'Brother'-ly love: Blues-folk duo The Deltaz celebrate sibling bonds on new album
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The Deltaz will perform Saturday at Leftwoods.

By Chip Chandler — Digital Content Producer

On the title track to their latest album, Ted and John Siegel — known collectively as The Deltaz — try something new: singing in harmony for the entire song.

But working harmoniously together is nothing new to the California duo, who'll return to Amarillo for a 10 p.m. Saturday show at Leftwoods, 2511 S.W. Sixth Ave.; cover charge is $6.

"It's an equal partnership," said John Siegel, 24, who plays drums and harmonica. "There's definitely the dynamic of him being the older brother and having more of a, I guess, a leadership role, but when it comes down to it, we're equal, and if I disagree with him, I will tell him."

"Brothers are brothers," Ted Siegel, 27, agreed. "You're always going to have little arguments. I can't speak for John, but the more we've toured, the more we understand how the other lives and acts. It becomes easier the longer you go about it."

The Siegel brothers have been going about it for about 10 years, since they were still in high school, drawing inspiration from old blues masters as well as more contemporary alt-country acts.

They've been working on Like Your Brother, their second full-length album after 2013's This Old Place, since 2014, mostly working off and on in a home studio, then buckling down with producer Tommy Hilton to get the album out this summer.

"That was probably our biggest motivator — having it available at shows," Ted Siegel said.

The title track alludes not only to the Siegels' relationship, but also to occasional tourmates and fellow California musicians the Zmed Brothers, who played in Amarillo with the Deltaz on their last tour in the spring, as well as more frequently back home.

"We got to observe another set of brothers going through what we go through — grappling with touring with each other, how you deal with and how you also appreciate being on the road with your sibling," Ted Siegel said.

"(The song) is about ... how it's difficult but essential," he continued. "I think that's something we found in the Zmed Brothers' work — no matter how difficult the relationship with your brother is at times, it was something that our musical lives couldn't exist or couldn't exist to the extent that they do without."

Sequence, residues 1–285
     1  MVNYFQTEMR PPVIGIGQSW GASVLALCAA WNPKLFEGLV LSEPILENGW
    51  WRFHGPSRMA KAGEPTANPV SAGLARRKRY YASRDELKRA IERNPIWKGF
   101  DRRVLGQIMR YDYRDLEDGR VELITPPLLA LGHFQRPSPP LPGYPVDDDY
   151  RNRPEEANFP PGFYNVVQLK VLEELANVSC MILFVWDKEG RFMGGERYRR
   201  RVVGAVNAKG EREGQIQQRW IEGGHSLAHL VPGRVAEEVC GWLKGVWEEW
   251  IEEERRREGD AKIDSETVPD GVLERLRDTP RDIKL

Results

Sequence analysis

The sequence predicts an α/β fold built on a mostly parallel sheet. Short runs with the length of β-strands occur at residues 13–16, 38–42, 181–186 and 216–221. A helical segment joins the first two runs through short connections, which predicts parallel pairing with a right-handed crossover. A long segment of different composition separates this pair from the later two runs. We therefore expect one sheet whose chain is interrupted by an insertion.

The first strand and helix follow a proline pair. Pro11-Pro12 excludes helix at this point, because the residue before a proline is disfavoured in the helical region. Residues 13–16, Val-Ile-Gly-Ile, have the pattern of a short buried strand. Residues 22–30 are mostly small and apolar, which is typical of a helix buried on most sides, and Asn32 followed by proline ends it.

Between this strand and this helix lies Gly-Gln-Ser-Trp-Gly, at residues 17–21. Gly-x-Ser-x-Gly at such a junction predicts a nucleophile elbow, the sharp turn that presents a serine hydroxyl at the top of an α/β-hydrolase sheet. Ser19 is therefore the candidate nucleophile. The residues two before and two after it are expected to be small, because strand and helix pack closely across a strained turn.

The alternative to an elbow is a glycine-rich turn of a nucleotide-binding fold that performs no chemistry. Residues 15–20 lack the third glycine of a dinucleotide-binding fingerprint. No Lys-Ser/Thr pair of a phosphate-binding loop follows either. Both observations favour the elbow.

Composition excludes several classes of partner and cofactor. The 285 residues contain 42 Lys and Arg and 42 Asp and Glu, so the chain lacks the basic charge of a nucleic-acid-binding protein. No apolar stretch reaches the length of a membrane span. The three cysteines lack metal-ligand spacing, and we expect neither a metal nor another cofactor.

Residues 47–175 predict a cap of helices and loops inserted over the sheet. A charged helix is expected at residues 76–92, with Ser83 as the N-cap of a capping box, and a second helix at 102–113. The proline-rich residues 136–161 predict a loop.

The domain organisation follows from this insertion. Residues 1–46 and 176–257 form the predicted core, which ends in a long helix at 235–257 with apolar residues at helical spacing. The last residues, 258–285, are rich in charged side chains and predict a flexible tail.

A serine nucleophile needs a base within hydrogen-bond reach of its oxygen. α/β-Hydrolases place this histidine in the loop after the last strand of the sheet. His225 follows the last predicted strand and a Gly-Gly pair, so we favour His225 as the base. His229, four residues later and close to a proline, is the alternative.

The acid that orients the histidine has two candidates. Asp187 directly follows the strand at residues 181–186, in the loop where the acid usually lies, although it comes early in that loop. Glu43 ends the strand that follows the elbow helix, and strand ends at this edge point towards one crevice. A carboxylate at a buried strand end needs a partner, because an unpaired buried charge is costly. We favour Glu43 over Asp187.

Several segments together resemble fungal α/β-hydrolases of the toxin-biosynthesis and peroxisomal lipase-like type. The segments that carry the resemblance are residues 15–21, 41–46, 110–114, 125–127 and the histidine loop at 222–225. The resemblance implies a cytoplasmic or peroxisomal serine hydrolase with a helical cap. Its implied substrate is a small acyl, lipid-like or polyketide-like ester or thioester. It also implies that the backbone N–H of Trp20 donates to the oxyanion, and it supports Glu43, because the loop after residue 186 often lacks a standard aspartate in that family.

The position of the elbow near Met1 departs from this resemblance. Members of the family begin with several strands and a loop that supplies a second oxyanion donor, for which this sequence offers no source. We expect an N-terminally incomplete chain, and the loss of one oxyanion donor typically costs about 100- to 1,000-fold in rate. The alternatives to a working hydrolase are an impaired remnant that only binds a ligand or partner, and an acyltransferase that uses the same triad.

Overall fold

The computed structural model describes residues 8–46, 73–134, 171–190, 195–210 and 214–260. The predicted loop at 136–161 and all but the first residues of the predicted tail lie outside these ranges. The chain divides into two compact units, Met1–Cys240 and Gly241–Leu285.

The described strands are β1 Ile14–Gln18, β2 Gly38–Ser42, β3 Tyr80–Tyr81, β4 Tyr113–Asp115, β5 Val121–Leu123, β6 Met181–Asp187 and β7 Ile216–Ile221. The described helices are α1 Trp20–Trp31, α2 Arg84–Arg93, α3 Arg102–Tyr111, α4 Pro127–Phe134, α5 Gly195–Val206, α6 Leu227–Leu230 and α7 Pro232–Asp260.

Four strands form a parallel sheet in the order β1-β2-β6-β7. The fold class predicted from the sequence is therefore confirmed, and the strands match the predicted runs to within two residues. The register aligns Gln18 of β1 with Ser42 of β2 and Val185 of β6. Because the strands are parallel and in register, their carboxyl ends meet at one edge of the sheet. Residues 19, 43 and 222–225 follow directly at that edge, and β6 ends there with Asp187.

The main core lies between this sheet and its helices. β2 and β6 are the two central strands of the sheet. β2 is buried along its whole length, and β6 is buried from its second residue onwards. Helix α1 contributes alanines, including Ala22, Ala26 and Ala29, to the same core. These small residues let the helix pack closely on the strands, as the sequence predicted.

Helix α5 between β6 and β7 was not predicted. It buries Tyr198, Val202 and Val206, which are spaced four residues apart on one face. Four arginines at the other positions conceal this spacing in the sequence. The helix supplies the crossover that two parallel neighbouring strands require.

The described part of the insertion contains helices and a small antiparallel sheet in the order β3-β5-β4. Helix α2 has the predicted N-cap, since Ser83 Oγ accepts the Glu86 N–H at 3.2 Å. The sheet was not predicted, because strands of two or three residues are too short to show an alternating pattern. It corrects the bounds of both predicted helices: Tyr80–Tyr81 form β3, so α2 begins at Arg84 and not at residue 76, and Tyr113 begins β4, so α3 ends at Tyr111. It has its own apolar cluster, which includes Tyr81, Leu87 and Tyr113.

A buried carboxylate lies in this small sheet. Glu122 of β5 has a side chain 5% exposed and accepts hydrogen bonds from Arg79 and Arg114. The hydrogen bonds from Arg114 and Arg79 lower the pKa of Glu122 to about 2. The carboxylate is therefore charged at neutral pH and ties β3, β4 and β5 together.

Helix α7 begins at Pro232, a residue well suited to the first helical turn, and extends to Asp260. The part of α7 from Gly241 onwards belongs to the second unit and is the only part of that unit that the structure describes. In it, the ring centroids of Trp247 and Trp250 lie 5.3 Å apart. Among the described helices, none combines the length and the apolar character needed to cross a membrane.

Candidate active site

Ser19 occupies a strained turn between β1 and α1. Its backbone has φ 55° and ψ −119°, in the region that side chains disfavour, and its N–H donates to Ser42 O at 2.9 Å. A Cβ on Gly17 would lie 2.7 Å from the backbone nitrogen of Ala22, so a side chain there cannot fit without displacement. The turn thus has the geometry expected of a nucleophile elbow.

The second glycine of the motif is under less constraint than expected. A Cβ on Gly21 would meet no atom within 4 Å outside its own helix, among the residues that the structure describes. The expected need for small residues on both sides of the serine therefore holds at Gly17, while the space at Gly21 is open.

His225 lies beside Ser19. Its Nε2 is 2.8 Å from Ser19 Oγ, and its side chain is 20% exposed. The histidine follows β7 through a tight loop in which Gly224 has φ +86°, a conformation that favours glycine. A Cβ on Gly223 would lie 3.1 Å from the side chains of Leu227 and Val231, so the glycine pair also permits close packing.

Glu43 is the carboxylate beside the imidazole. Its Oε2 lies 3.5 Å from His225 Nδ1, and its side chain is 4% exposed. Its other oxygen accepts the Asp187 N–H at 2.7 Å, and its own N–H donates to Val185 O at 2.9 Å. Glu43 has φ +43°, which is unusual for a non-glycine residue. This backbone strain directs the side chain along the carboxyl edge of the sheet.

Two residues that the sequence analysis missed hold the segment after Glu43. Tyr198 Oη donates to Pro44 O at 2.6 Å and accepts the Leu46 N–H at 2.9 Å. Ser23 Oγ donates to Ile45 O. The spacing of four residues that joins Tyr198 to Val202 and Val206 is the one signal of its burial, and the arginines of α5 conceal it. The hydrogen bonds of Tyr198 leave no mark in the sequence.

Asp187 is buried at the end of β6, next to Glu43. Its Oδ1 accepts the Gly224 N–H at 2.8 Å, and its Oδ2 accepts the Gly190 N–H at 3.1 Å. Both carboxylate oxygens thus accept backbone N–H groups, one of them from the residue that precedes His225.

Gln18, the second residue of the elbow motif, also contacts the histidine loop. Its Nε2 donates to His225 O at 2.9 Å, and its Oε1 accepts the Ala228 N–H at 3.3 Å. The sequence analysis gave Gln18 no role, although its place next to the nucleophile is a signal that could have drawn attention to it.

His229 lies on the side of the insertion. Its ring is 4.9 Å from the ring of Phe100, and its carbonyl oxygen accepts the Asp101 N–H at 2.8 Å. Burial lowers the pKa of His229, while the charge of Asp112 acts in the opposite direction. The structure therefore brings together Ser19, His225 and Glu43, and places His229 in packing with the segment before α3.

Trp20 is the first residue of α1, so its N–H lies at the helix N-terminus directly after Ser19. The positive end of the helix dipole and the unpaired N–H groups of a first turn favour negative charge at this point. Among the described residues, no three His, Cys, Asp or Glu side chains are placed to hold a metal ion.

Other songs on the album — including "BB Guns and Dirt Bikes," written by Jake Smith, a/k/a The White Buffalo — touch on the brotherly theme, but Ted Siegel said he likes to be vague on any other themes to let the listener decide.

"You take something really personal for you — sometimes it's abstract, sometimes it's concrete — and you try to express it," he said. "Then you put it out in the world, and sometimes people will like it, sometimes not so much, but sometimes people will have this incredibly different interpretation of it."

Like perhaps the, shall we say, carnal impact of the song "Wild Mustangs," which almost didn't make the album. Good thing it did, because there's a couple out there that just loves that song.

"They told me that they have sex to that song all the time," Ted Siegel said. "I thought that was so funny, that there's a ritual involved and that they told me about it.

"I guess a lot of people would be shocked, but I was flattered that they use our music as the soundtrack to their lives."




Chip Chandler is a digital content producer for Panhandle PBS. He can be contacted at Chip.Chandler@actx.edu, at @chipchandler1 on Twitter and at www.facebook.com/chipchandlerwriter on Facebook.